- Religious beliefs
- The priesthood and the Four Orders
- The basic principles of Kavehan magic
- Magic: civil applications
- Magic: battlefield applications
Kaveha religion is monotheistic, worshipping a local variant of Allurism with its supreme god known as Zurvan. Zurvan is a god with two hearts and minds much like the Kaveha people, represented by the twin aspects of Ahrmazed and Angra Mainyu. Ahrmazed is the bright aspect of Zurvan, often depicted as the sun and representing Creation and life-giving. He is worshipped in times of peace and plenty, and is beloved by farmers and merchants. Angra Mainyu is the dark aspect of Zurvan, depicted as the moon, and represents Destruction and life-taking. He is worshipped on the battlefield, and is beloved by the warriors of Kaveh. Both aspects are in balance, each as powerful as the other, but also struggle eternally. It is circumstances that allow one or the other to dominate temporarily, though the balance of power always flips eventually.
The core of Zurvanist belief is the cycle of life and death. Everything in the world is seen as part of the cycle of creation and destruction, the two aspects of Zurvan himself. Birth embodies creation, and death destruction, but through the eating of corpses by the birds of the sky and beasts of the field the remains of those who died can feed a new rebirth, and new life. It is for this reason that Kaveh burial rites revolve around the placing of the dead on manmade hills out in the desert, known as a ‘tower of silence’. Marriage, the adjoining of two souls in the sight of the Heavens, is a momentuous occasion because it is there the cycle is perceived to start again.
These forces, according to Kavehan religion, also exist within each person. Commoners spend their lives honouring Ahrmazed with their acts, and avoid comitting acts that strengthen the Beast within themselves. Some have no choice, and many warriors commit fully to it. When going to war, Kavehans become able to indulge it to the full, and the consequences tend to be exceedingly bloody. Of particular note is the role of this duality in magic-casting.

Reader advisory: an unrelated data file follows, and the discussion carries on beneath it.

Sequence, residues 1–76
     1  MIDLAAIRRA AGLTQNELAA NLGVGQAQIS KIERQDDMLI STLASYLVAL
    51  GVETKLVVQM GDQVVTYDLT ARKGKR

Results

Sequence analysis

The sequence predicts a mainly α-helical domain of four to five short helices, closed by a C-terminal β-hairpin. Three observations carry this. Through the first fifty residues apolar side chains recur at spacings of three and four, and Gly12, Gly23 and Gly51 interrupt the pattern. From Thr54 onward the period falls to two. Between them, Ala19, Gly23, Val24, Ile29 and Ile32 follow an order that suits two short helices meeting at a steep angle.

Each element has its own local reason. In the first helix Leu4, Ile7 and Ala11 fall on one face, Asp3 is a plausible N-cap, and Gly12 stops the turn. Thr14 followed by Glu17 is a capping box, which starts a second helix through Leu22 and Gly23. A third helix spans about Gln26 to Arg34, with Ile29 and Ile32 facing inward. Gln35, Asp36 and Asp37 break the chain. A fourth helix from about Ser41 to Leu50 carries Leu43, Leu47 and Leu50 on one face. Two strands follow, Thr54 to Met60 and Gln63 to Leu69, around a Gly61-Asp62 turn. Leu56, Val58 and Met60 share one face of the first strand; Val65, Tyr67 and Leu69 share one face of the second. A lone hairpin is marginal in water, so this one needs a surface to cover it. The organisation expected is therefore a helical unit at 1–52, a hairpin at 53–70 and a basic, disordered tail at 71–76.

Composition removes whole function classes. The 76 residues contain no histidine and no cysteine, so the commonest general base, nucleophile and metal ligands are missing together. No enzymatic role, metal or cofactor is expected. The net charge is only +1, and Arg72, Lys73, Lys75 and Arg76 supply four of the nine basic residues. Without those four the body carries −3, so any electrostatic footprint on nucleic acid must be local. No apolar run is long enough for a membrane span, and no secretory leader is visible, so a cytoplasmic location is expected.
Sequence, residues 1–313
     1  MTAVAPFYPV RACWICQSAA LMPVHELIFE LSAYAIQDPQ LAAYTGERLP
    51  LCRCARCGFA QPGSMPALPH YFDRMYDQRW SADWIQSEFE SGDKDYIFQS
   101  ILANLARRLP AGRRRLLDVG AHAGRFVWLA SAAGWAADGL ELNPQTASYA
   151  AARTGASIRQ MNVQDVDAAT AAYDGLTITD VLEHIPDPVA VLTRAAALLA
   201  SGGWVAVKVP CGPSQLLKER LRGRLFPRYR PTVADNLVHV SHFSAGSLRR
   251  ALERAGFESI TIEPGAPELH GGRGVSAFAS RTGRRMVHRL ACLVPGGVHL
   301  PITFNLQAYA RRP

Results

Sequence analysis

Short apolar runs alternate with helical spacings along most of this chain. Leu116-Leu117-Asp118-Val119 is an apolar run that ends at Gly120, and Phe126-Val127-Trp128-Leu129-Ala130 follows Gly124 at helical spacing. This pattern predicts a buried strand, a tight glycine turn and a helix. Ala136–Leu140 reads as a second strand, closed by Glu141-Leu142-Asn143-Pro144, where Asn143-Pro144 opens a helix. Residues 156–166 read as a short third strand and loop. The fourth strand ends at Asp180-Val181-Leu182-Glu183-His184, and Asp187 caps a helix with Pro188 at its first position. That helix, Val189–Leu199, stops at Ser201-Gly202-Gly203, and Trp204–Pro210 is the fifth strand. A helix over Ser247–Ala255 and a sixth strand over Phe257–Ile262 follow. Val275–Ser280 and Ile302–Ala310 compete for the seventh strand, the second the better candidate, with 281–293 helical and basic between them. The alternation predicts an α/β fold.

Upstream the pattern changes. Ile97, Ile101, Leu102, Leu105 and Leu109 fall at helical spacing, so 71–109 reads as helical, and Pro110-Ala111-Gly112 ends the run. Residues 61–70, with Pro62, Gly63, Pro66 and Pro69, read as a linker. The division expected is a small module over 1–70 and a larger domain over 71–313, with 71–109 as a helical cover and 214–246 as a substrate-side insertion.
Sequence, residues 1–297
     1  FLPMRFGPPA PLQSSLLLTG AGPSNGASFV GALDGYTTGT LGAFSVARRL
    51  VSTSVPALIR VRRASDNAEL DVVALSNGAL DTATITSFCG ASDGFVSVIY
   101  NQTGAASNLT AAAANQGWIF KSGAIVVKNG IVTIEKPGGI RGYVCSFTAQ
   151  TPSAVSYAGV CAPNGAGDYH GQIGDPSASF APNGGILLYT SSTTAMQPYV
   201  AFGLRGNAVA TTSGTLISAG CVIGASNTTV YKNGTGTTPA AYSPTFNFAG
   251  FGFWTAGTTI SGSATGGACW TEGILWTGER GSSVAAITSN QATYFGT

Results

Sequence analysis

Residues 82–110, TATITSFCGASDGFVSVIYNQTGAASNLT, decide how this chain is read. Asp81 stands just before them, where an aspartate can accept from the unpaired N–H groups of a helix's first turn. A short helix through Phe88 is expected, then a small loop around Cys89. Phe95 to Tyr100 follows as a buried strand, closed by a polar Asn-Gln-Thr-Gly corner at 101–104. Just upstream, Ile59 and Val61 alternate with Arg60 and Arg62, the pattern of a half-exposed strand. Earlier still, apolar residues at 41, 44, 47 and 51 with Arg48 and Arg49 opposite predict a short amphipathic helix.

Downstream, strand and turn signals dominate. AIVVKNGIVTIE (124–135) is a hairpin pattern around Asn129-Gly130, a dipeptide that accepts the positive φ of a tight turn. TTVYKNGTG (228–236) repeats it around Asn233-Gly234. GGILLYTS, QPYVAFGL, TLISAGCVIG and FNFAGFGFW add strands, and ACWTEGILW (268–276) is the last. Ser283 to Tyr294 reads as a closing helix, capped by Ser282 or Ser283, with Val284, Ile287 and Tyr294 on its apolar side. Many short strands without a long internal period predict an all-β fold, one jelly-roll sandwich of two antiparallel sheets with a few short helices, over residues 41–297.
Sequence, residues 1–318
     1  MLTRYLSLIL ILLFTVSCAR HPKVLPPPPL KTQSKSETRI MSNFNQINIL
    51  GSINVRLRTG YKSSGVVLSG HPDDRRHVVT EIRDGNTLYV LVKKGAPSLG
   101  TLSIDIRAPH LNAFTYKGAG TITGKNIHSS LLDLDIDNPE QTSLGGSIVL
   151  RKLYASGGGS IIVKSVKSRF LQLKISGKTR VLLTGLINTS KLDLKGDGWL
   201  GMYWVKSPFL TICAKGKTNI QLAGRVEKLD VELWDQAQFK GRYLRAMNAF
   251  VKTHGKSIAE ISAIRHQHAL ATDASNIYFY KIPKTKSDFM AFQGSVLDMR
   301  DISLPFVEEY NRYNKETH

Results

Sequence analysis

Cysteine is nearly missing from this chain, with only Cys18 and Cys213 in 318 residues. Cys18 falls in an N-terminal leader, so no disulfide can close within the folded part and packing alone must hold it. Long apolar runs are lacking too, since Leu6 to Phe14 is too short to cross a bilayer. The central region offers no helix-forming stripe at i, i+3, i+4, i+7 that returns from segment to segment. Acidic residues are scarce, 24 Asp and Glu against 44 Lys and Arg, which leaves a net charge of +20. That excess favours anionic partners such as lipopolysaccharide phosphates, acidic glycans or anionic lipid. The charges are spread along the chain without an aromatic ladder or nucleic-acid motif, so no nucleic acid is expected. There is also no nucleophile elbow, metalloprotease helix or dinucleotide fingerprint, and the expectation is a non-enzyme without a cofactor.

Fire is considered sacred, and cannot be tainted with unclean objects such as coconuts, lumber other than the steppe acacia, and corpses. Zurvan is worshipped in ceremonies involving the lighting of great fires on hilltops, but unlike their ancestors the Kaveha do not perform human sacrifices. This is considered profane, as it taints the holy fire with an unclean corpse. To perform such a profane act feeds the inner darkness, and is perceived as a strengthening of Angra Mainyu. Warfare, crime and violence also do this. By doing such things, Kavehans feed the darkness within themselves, and if many do so the nation is in danger of falling as a whole into the dark, violent bloodshed that marks Angra Mainyu’s triumph.
Zurvan has a dedicated priesthood that maintains many temples throughout the Kingdom, headed by a religious head known as the Mobadan-Mobad, the Priest of Priests. The church does not possess worldly or military power, and its clergy gain their income from the charity of local lords.
Despite the relatively secular position of the church, the Kingdom does know four prominent religious orders. The members of these orders join either for life or for a number of years, with only the life-sworn being permitted to hold the highest positions in their respective order. Each is dedicated to Zurvan and particular facets of the Creator.
The Order of the Dawn
The Dawn Order, whose sacred day is the spring equinox, was the first among the Four to be founded. They are dedicated to the study of magic and its use in civil applications - in farming, in engineering, and in the crafts and sciences. In this, they are the counterpart to the Sunset Order, who also specialize in magic but use it for purposes of war. Mosty fundamental research into the nature of magic, science and God is conducted by members of this order. They liase closely with craftsmen, industrial entrepreneurs and normal people, and produce many useful amulets to aid common Kavehhans in their daily lives. In doing this, they often use Arejo crystals - potent magical amplifiers that, through an unknown process, creates amulets that yield more power than what was originally put in.
The Order of the Noon
The Noon Order, whose sacred day is the summer solstice, is the one that embraces the teachings of Ahrmazed most completely. Not only are their members the priests that conduct most of the religious ceremonies at the fire temples, but they also dedicate themselves to the study of medicine and the art of healing. All hospitals in the Kingdom are ran by the Noon Order, and its members usually accompany the Kaveh army whenever it goes to war to provide battlefield medicine and conduct surgery on wounded soldiers.
The Order of Dusk